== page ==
Whenever the news media feature brand-related moral struggles over issues such as ethicality, fairness, or sustainability, brands often find themselves in the position of…
Whenever the news media feature brand-related moral struggles over issues such as ethicality, fairness, or sustainability, brands often find themselves in the position of the culprit. However, brands may also take the opposite position, that of a moral entrepreneur who proactively raises and addresses moral issues that matter to society. In this chapter, the authors present a case study of the Austrian shoe manufacturer Waldviertler, which staged a protest campaign against Austria’s financial market authorities in the wake of the authorities demanding that the company closes its alternative (and illegal) consumer investment model after 10 years of operation. In response to this demand, the company organized protest marches, online petitions, and press conferences to reclaim the moral high ground for its financing model as a way out of the crunch following the global credit crisis and as a way to fight unfair administrative burdens. The authors present an interpretive analysis of brand communication material and media coverage that reveals how this brand used protest rhetoric on three levels – logos, ethos, and pathos – to reverse moral standards, to embody a rebel ethos, and to cultivate moral indignation. The authors also show how the media responded to protest rhetoric both with thematic coverage of context, trends, and general evidence, and with episodic coverage focusing on dramatic actions and the company owner’s charisma. The authors close with a discussion of how protestainment, the stylization of a leader figure, and marketplace sentiments can ensure sustained media coverage of moral struggles.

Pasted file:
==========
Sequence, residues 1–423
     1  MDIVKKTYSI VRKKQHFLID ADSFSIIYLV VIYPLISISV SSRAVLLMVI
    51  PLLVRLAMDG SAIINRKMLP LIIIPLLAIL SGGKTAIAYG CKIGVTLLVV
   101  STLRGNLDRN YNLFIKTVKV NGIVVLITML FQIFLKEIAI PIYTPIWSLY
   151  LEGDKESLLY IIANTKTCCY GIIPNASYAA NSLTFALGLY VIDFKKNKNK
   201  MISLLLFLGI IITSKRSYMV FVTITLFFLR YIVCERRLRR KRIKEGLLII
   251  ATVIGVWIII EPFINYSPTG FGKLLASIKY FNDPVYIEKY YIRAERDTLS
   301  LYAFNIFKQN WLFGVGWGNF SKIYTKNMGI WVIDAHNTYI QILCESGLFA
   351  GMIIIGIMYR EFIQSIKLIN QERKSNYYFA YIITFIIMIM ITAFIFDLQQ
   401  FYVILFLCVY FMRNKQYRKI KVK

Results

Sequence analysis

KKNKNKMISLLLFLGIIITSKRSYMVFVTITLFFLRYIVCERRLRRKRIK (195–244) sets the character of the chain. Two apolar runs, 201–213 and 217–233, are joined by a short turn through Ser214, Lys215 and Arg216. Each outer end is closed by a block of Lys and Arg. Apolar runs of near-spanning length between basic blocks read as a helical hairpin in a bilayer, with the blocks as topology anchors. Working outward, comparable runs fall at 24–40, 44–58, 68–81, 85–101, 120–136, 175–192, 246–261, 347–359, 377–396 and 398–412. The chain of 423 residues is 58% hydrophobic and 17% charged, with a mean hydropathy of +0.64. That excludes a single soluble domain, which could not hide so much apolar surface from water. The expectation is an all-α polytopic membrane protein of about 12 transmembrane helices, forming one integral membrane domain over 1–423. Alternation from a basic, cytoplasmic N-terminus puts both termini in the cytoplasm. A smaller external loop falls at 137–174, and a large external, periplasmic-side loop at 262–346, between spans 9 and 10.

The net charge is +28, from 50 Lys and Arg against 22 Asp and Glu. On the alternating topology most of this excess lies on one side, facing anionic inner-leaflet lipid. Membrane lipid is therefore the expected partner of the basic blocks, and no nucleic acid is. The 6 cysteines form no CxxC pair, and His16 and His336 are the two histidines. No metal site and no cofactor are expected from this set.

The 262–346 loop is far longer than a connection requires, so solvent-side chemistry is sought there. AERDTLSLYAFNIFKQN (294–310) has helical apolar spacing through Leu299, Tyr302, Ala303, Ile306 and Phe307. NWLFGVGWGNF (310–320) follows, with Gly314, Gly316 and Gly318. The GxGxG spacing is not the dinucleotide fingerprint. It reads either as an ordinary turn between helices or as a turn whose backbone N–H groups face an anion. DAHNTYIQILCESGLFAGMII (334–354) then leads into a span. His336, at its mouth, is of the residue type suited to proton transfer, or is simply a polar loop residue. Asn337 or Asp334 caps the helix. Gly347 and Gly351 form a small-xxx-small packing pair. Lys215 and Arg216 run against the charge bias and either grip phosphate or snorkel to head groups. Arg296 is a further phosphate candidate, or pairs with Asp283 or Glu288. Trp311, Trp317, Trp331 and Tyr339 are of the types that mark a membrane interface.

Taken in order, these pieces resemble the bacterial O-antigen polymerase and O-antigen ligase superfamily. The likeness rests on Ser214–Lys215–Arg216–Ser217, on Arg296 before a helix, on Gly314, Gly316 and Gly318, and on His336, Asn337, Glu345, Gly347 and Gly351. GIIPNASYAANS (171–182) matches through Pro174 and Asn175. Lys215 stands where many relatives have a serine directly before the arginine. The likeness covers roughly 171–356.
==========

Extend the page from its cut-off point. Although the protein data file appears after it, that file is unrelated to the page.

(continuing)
To examine how social media restrict and recreate messages within current interactionist scripts in the Middle East and North Africa (MENA), this study applies a framework…
To examine how social media restrict and recreate messages within current interactionist scripts in the Middle East and North Africa (MENA), this study applies a framework of digital reflexivity highlighting stages of information flow. It applies the symbolic interaction concept of emotional events to analyze the self-immolation of Mohamed Bouazizi and the role of social media in disseminating Bouazizi’s act as one catalyst of the MENA citizen uprisings. The role of social media in the “Arab Spring” merits investigation because social media provide opportunities to examine shifting identities, interactions, and actions of citizen activists in the MENA uprisings. This study is important and timely because little symbolic interactionist scholarship exists on MENA identities and social movements, or on crowd interaction and activism outside the West. The nuanced nature of MENA political activism and complex processes of the development of activists’ “mutable” selves (Zurcher, 1977) are fluid and resistant to symbolically defined social roles, interactionist scripts and reflexivity, and public communication practices in a MENA under political and social transition.